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y1997 = −184.08 + 0.7064 × 7269.8 = 4951.3167
8. Use of the Model for Policy Purposes

1.2.4

If the regression results given in (1.2.3) seem reasonable, simple arithmetic will show that 1.2.5 which gives x = 7197, approximately. That is, an income level of about 7197 (billion) dollars, given an MPC of about 0.70, will produce an expenditure of about 4900 billion dollars.

4900 = −184.08 + 0.7064x

3. Regression Analysis

3.1 Why is called Regression? The term regression was introduced by Francis Galton. In a famous paper, Galton found that, although there was a tendency for tall parents to have tall children and for short parents to have short children, the average height of children born of parents of a given height tended to move or “regress” toward the average height in the population as a whole. Definition: The modern interpretation of regression is, however, quite different. Broadly speaking, we may say Regression analysis is concerned with the study of the dependence of one variable, the dependent variable, on one or more other variables, the explanatory variables, with a view to estimating and/or predicting the (population) mean or average value of the former in terms of the known or fixed (in repeated sampling) values of the latter. Examples 1. Reconsider Galton’s law of universal regression. Galton was interested in finding out why there was a stability in the distribution of heights in a population. But in the modern view our concern is not with this explanation but rather with finding out how the average height of sons changes, given the fathers’ height.

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Figure 1.3.1 2. Consider the scatter-gram in Figure 1.3.2, which gives the distribution in a hypothetical population of heights of boys measured at fixed ages.

Figure 1.3.2 3. Turning to economic examples, an economist may be interested in studying the dependence of personal consumption expenditure on aftertax or disposable real personal income. 4. A monopolist who can fix the price or output (but not both) may want to find out the response of the demand for a product to changes in price. Such an experiment may enable the estimation of the price elasticity (i.e., price responsiveness) of the demand for the product and may help determine the most profitable price. 5. A labor economist may want to study the rate of change of money wages in relation to the unemployment rate.

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Figure 1.3.3 6. From monetary economics it is known that, other things remaining the same, the higher the rate of inflation π, the lower the proportion k of their income that people would want to hold in the form of money.

Figure 1.3.4 7. The marketing director of a company may want to know how the demand for the company’s product is related to, say, advertising expenditure. 8. Finally, an agronomist may be interested in studying the dependence of crop yield, say, of wheat, on temperature, rainfall, amount of sunshine, and fertilizer. Such a dependence analysis may enable the prediction or forecasting of the average crop yield, given information about the explanatory variables. The techniques of regression analysis discussed in this course are specially designed to study such dependence among variables.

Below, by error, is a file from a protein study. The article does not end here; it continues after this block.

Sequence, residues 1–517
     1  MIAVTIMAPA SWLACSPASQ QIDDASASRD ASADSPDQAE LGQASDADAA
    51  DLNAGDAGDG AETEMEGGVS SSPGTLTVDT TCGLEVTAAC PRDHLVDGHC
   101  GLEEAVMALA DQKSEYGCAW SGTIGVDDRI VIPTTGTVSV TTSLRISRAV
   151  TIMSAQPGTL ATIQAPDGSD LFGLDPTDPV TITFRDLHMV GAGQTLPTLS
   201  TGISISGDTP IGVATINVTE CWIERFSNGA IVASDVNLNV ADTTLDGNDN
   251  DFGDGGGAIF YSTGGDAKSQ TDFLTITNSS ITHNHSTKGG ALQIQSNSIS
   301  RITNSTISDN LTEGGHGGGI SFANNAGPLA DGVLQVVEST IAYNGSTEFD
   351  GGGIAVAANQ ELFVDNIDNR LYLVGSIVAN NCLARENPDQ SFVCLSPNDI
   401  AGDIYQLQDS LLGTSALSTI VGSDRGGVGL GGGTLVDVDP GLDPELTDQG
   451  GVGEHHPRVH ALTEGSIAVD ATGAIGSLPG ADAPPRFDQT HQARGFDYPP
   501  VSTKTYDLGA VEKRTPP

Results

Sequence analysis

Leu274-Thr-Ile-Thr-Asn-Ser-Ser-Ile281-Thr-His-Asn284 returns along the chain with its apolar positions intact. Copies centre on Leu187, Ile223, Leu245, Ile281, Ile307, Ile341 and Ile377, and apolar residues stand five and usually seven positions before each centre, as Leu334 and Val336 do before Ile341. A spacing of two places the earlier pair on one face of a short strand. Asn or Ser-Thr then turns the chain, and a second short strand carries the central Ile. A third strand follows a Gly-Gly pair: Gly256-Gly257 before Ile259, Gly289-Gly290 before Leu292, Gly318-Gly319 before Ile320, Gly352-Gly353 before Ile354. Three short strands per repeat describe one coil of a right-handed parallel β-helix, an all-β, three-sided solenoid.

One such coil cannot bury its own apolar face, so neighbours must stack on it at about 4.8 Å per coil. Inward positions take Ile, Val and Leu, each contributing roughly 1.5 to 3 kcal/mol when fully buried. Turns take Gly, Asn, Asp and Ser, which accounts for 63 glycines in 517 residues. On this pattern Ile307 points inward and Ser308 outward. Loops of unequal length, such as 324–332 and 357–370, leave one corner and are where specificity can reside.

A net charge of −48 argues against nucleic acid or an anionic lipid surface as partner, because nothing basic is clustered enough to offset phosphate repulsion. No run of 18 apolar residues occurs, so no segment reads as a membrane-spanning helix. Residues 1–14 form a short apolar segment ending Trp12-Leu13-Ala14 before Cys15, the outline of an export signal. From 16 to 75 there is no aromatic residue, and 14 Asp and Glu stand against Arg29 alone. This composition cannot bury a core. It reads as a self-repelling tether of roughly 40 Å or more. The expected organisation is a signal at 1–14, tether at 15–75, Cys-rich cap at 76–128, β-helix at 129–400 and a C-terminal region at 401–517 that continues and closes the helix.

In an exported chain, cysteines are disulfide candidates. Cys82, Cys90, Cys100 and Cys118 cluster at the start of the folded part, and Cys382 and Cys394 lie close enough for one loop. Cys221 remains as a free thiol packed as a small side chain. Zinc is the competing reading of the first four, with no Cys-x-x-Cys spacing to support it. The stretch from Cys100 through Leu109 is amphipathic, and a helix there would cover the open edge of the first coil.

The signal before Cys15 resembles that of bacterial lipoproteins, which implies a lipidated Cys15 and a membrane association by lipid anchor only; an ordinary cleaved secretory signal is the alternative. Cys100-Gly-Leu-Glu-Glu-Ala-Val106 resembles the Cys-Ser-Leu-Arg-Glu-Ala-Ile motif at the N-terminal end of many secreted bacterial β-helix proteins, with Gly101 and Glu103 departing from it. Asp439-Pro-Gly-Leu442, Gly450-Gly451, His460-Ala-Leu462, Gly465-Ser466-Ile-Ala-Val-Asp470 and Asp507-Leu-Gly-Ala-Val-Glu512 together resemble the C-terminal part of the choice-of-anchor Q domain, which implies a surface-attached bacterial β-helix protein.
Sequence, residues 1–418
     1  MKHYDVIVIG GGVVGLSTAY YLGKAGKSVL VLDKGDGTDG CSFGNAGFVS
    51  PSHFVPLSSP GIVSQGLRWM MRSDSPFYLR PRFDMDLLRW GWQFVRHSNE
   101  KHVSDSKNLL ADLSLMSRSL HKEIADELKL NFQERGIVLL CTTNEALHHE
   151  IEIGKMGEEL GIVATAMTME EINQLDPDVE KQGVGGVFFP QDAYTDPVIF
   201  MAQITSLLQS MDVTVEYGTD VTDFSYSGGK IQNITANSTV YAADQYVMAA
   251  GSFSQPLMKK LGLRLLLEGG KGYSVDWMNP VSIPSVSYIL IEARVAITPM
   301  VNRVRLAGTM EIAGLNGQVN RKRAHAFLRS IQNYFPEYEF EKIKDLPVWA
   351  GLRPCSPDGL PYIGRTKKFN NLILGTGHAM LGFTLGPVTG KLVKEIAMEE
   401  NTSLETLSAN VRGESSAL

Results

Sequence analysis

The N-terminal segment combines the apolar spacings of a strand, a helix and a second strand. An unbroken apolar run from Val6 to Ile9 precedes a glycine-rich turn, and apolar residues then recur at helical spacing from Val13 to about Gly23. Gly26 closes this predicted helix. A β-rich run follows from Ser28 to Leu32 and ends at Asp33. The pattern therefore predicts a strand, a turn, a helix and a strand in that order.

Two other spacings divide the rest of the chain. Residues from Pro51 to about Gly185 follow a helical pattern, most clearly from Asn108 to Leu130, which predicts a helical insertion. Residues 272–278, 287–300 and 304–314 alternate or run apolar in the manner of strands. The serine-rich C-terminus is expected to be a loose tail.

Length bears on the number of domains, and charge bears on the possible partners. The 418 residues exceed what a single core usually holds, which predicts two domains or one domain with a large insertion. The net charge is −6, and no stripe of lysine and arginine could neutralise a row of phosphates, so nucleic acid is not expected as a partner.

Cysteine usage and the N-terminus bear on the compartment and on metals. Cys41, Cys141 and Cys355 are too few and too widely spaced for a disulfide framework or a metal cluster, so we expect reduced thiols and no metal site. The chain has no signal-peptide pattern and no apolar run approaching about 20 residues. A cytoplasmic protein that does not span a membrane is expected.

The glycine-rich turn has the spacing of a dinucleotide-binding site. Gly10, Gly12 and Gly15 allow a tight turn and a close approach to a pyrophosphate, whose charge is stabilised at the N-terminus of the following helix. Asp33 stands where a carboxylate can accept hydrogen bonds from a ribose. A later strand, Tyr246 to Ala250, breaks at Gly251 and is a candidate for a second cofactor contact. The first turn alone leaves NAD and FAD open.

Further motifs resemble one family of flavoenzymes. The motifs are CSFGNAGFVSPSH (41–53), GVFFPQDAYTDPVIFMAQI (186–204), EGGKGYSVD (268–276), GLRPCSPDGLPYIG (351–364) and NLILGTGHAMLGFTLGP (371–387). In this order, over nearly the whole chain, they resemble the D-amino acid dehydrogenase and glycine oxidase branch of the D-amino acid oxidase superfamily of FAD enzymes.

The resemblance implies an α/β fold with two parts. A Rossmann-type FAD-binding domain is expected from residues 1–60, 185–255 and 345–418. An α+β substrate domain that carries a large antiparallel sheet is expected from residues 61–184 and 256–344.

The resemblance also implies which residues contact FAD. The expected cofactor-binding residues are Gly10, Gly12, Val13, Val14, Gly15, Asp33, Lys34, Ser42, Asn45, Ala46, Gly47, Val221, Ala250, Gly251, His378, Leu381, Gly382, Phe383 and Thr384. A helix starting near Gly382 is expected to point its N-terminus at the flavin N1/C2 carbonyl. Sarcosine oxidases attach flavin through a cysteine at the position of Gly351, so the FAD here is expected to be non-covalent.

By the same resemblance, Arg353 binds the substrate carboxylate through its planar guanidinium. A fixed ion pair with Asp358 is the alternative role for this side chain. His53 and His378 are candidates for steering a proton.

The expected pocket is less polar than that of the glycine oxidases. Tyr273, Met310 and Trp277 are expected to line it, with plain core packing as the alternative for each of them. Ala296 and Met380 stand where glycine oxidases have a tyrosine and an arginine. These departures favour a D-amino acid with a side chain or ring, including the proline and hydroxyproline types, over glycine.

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3.2 Concepts

Statistical versus deterministic relationships In regression analysis we are concerned with what is known as the statistical, not deterministic, dependence among variables. In statistical relationships among variables we essentially deal with random or stochastic variables, that is, variables that have probability distributions. In functional or deterministic dependency, on the other hand, we also deal with variables, but these variables are not random or stochastic. Correlation versus causation Correlation is the pure mathematical relationships between two variables. The judgment of whether or not to have correlation between two variables is only dependent on the data. Causation indicates the dependence of variables in behavior mechanism; the variable as the result is determined by the variable as the causation. The variables with causation are bound to have mathematical correlation, but not vice versa. Regression versus causation Although regression analysis deals with the dependence of one variable on other variables, it does not necessarily imply causation. In the words of Kendall and Stuart, “A statistical relationship, however strong and however suggestive, can never establish causal connection: our ideas of causation must come from outside statistics, ultimately from some theory or other”. Regression versus correlation Closely related to but conceptually very much different from regression analysis is correlation analysis, where the primary objective is to measure the strength or degree of linear association between two variables. The correlation coefficient, which we shall study in detail in Chapter 3, measures this strength of (linear) association. In regression analysis, as already noted, we are not primarily interested in such a measure. Instead, we try to estimate or predict the average value of one variable on the basis of the fixed values of other variables. Regression and correlation have some fundamental differences that are worth mentioning. In regression analysis there is an asymmetry in the way the dependent and explanatory variables are treated. The dependent variable is assumed to be statistical, random, or stochastic, that is, to have a probability distribution. The explanatory variables, on the other hand, are assumed to have fixed values (in repeated sampling). In correlation analysis, on the other hand, we treat any (two) variables symmetrically; there is no